Besides, the best films about high school students are R rated (Election, Rushmore, Rocket Science), because they don’t pretend teenagers are saints, and that they don’t curse or have sex. Seeing as The Social Network is about college students in over their head, how would 13 year-olds who’ve been sheltered from all of the evil things society has to offer relate to the film as anything other than a presentation of the origins of Facebook, as opposed to what the film is, a sharp satire of those who can reduce their lives to who they have on their friends list or whether or not they list themselves as single?***

* These privileged Aryan Harvard fratboys are self-aware enough to sense that they are clichés, they even reference chasing the Jewish Zuckerberg around as would “look like they’re dressed in skeleton costumes and chasing The Karate Kid around the High School gym.” Shame ‘80s movie brute stalwart William Zabka wasn’t asked to cameo.

** Comedian Marc Maron used to sell “Nerdcock” t-shirts to support his WTF!? Podcast. They were eventually scrapped for not selling well, probably because it required so much explanation as to what “Nerdcock” was. Though it seems obvious, the term was supposed to reflect the changing of the guard from “CockRock” fratboy world dominance to Nerd world dominance, and a social acceptance of gadgetry and obsession of minutia. The Social Network is Nerdcock central.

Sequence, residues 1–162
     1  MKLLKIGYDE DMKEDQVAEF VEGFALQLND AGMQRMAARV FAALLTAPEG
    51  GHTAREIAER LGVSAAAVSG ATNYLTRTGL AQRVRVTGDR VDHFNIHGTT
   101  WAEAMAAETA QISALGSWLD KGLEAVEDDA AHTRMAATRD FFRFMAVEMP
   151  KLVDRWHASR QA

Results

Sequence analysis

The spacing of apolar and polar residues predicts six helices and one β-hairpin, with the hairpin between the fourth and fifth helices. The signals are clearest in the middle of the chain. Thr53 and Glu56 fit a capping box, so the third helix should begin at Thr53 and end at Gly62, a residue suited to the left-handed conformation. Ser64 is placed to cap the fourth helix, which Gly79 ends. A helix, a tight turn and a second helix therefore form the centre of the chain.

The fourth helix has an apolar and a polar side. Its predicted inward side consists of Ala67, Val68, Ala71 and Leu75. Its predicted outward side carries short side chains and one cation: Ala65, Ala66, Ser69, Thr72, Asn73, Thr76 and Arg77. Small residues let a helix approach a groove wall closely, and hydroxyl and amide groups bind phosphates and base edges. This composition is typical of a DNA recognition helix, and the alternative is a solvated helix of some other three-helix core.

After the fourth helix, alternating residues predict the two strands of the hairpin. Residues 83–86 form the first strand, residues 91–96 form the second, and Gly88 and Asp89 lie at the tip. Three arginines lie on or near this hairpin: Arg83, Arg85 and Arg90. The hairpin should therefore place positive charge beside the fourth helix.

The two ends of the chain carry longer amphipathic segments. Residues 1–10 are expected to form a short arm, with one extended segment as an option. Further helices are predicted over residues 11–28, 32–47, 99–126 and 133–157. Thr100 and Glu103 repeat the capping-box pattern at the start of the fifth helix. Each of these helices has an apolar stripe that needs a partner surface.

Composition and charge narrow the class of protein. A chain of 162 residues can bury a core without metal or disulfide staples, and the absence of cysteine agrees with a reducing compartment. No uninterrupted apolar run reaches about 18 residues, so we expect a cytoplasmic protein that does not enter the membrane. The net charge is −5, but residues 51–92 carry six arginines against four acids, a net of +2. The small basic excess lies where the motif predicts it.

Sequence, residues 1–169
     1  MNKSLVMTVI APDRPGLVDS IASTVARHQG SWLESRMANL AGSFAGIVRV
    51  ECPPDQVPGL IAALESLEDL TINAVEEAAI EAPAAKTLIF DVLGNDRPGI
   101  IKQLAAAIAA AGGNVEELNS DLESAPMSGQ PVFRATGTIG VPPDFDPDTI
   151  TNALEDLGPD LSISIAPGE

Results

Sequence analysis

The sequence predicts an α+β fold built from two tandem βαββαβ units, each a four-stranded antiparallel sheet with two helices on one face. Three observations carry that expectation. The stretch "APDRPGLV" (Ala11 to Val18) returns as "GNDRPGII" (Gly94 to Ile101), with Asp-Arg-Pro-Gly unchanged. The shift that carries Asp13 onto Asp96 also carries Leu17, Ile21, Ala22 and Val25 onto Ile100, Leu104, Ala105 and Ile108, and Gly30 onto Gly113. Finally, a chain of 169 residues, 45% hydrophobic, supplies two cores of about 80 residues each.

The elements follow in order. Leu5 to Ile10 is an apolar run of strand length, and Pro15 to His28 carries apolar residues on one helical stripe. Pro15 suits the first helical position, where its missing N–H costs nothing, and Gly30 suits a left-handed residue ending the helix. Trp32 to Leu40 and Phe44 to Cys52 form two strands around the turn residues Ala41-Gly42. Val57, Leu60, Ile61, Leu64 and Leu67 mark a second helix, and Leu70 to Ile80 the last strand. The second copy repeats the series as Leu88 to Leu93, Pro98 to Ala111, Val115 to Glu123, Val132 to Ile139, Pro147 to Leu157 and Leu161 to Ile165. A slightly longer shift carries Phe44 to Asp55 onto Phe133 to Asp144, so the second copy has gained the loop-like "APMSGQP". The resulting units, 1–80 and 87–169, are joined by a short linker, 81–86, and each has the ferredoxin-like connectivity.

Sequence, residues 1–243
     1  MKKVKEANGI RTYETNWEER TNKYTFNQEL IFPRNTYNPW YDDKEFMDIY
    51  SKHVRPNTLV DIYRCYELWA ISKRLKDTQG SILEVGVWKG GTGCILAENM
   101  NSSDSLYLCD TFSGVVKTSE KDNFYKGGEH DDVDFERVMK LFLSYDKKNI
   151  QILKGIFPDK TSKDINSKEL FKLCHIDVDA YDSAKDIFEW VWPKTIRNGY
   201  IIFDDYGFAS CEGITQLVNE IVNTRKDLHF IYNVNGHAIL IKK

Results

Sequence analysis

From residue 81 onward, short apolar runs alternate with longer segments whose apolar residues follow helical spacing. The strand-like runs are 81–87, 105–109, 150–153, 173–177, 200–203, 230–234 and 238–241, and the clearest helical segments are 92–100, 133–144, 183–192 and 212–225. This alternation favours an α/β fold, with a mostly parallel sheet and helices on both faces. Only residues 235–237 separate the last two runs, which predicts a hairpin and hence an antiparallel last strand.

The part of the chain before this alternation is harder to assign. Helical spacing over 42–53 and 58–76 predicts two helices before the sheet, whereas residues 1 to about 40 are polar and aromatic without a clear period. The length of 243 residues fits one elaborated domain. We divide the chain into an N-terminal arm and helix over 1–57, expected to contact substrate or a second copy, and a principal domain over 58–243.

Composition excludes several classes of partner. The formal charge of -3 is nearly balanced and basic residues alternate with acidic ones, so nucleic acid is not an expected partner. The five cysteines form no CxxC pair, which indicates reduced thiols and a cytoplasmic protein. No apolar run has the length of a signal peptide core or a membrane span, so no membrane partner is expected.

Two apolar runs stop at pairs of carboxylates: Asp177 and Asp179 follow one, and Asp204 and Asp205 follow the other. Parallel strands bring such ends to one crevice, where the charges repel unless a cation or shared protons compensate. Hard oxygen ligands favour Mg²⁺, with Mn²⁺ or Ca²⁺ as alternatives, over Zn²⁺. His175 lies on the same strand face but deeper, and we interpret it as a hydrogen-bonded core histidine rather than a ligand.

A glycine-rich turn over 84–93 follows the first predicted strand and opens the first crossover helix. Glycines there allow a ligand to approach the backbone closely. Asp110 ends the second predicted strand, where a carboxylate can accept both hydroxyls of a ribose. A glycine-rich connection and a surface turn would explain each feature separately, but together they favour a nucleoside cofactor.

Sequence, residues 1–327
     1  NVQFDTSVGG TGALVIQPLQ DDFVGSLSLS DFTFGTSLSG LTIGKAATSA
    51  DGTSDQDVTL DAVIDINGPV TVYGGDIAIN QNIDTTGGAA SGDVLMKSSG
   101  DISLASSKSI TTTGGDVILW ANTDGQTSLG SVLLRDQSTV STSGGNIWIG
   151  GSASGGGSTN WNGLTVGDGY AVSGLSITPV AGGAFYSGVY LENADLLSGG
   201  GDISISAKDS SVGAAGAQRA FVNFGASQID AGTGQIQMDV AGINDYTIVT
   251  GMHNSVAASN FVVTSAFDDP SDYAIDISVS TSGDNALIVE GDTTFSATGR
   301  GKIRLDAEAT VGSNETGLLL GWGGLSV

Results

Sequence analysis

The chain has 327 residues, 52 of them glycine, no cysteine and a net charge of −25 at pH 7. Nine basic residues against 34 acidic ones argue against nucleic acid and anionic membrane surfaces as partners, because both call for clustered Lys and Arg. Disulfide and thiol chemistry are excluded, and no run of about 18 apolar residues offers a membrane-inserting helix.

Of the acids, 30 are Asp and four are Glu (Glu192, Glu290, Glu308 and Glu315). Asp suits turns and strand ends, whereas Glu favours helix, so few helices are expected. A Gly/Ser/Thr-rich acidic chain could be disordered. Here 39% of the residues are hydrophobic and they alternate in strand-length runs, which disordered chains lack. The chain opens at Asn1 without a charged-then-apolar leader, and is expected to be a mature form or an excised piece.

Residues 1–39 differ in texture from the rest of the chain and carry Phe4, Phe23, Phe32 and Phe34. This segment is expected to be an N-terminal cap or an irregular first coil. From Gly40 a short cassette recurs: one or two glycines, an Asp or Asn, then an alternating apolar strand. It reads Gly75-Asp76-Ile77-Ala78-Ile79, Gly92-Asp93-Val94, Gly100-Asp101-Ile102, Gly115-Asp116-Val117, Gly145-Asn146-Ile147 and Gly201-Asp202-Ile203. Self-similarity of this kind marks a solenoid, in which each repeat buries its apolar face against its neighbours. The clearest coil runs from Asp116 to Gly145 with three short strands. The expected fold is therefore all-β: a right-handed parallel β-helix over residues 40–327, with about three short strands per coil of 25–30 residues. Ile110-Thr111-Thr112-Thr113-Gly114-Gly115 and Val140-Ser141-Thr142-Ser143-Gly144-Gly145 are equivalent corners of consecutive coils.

*** Not to mention the fact that Facebook was started by someone as anti-social and focused on data (instead of people) as Zuckerberg. In the very first scene of the film he says, “I don’t need friends.”

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By Adam Lippe

Whenever there’s a genre parody or ode to a specific era of films, such as Black Dynamite’s mocking of Blaxploitation films or Quentin Tarantino’s Death Proof, the second half of Grindhouse, the danger is that the film might fall into the trap of either being condescending without any particular insight, or so faithful that it becomes the very flawed thing it is emulating.

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Featured Quote (written by me)

On Cold Fish:

Though the 16 year old me described the 1994 weepie Angie, starring Geena Davis as a Brooklyn mother raising her new baby alone, as “maudlin and melodramatic,” Roger Ebert, during his TV review, referring to the multitude of soap-operaish problems piling up on the titular character, suggested that it was only in Hollywood where Angie would get a happy ending. “If they made this movie in France, Angie would have shot herself.”

Well Cold Fish was made in Japan, where Angie would have shot herself and that would have been the happy ending.